Eric, AFR: Stu Holden. Bolton are playing a beautiful brand of football, and credit to Owen Coyle for constructing a perfect mix of youth and experience in his squad. Bob Bradley has told Stuart Holden that he should conserve his energy throughout the 90 minutes. Nope, that’s not the plan in the Premier League. Stu’s endurance is second to none, and his constant pressure provides a presence that has the tone for Bolton’s mentality. With hard work will come class…

Chamo, CO: This is tough, because quite frankly almost all of them have had some early struggles. Friedel wasn’t at fault for the 6-0 drubbing Villa got, but he only recently seemed to regain the form we are so used to seeing from him. Dempsey seems to be getting weened back into the Fulham squad, though with the injury to Zamora Deuce might be expected to fill the void. That said, I think Tim Howard will have the best year, even if Everton doesn’t. Everton would have 0 points instead of 2 if it wasn’t for Timmy.

Holden, bounding forward in the EPL...

Corey, CoS: He who gets more playing time, Stu Holden or Clint Dempsey. It’s a long season. Holden has to prove he’s ready to shine from autumn to spring. Dempsey, the pride of Nacogdoches and guardian of Craven Cottage, has to stay healthy. What Fulham lost in Roy Hodgson they retained in a cohesive, gritty squad. Advantage Dempsey.

Matthew, TSG: Stu Holden was our first requested and completed interview here at TSG. In short, we’re big fans. His speed is top 10% for midfielders in the EPL. He maintains possession, but can threaten himself.

Holden may not show up often in the stat sheet this year for Bolton as he plays a linking midfield role more than attacking, but in terms of importance to their team and quality year, Holden will just edge Howard.

Note, TSG is on record as saying that Stu Holden will be the next American to play in the semifinals of the Champions’ League (that of course, necessitates a club move). Let’s see if that one happens.

Surprise: Kicking Off An EPL Jumble!

…and we’re back with another of our Jumble Series.

Our EPL Roundtable crew matches wits with the best...

With the EPL revving up and even more coverage of the games on stateside networks, we go with our first Premiership Jumble of the season.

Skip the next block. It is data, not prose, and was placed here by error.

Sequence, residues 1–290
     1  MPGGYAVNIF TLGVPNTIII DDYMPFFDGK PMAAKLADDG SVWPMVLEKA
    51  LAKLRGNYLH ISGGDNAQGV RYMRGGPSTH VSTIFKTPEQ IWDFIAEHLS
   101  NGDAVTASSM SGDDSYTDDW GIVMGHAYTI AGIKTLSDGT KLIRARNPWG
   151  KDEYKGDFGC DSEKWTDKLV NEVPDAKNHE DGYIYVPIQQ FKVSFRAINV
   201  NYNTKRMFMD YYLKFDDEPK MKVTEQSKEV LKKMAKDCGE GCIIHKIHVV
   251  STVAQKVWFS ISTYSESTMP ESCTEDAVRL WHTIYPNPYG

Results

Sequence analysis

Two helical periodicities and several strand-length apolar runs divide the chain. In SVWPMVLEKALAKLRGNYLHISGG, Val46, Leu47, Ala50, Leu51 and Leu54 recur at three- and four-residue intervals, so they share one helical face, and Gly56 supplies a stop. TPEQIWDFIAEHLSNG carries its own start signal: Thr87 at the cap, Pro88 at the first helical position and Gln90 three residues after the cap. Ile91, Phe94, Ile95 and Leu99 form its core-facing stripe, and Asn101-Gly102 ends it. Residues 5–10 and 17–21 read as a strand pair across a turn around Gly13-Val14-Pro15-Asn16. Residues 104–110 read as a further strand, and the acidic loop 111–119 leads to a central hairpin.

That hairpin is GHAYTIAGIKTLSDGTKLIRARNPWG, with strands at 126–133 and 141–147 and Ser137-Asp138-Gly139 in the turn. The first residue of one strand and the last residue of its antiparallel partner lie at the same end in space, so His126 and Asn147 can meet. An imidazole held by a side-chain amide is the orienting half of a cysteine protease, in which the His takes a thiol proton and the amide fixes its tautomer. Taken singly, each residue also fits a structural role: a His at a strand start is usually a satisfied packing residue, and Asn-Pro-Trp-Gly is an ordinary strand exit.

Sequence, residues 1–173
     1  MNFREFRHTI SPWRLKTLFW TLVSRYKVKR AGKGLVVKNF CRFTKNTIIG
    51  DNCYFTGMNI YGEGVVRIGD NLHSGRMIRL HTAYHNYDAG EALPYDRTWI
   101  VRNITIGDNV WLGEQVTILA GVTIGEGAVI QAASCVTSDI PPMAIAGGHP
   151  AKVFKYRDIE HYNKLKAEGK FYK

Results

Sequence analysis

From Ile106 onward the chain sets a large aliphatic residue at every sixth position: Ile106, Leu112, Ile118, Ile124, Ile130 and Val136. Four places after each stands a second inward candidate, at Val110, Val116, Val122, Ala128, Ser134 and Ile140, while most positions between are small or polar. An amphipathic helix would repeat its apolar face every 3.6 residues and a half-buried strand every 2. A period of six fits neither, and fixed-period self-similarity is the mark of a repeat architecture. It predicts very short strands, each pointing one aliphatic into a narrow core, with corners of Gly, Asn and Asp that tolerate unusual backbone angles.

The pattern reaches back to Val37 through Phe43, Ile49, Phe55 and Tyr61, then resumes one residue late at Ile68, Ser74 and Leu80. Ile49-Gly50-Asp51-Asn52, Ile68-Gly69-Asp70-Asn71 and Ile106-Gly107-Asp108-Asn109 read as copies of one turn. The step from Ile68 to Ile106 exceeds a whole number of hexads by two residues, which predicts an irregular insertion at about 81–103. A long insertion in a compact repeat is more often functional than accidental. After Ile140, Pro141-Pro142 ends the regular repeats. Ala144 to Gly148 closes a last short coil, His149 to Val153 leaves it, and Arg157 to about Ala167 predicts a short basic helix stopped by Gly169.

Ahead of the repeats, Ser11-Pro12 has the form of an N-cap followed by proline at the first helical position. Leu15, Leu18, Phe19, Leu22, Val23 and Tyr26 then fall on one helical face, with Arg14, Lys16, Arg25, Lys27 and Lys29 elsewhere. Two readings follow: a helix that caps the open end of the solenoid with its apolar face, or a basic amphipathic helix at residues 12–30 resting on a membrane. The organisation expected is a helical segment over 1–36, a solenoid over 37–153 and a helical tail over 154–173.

And now for our round table crew:

• The Martin Tyler of the Web and one of the editors of The Shin Guardian. The World Cup marathon man, Shaun Webb.

• Founder of the highly cerebral “A Football Report” and also a player on the Emory University team, Eric Beard.

• From soccer blog ConstantlyOffsides, your either with Scott Parker or against him. And he is Chamo.

• Thou shalt not call Dimitar Berbatov the anti-christ, the co-founder of The Church of Soccer, Corey Bennett.

• And never bringing up the rear, your favorite TSG England fanatic, GeorgeCross.

We start of with…this year’s surprises:

Who’s your surprise team of the year thus far? (Positively or negatively)

Corey, CoS: Everton. The Toffees will turn the season around, but taking two points from five matches makes qualifying for Europe slightly more likely than Mikel Arteta playing for England. One month into the season, a mid-table finish is the best possible outcome.

Malouda and Chelsea are cookin'!

Eric, AFR: The easy answer here is Blackpool, who have been tremendous under Ian Holloway and deserve to be sitting in 4th. But I have to go with Chelsea. After a preseason that included losses to Frankfurt, Hamburg, and Ajax, and of course Manchester United, I expected troubles in the Ancelotti camp, not back-to-back 6-nil victories. Didier Drogba is the form of his life, but the efficiency of the attack as a whole is FIFA 10-esque. Even Carlo Ancelotti said managing his team was like playing PlayStation…

Chamo, CO:The obvious choice here would be Blackpool bursting out of the gates, but I’m more surprised by Everton’s inability to win. Losing away to Blackburn and Villa is somewhat understandable, but they haven’t shown up to play against the “must-win” teams like Wolves, even when they are at Goodison Park. The incredible comeback against Man United was commendable, but so far its the only bright spot in Everton’s season, since they should be challenging for European places and currently find themselves in the relegation zone.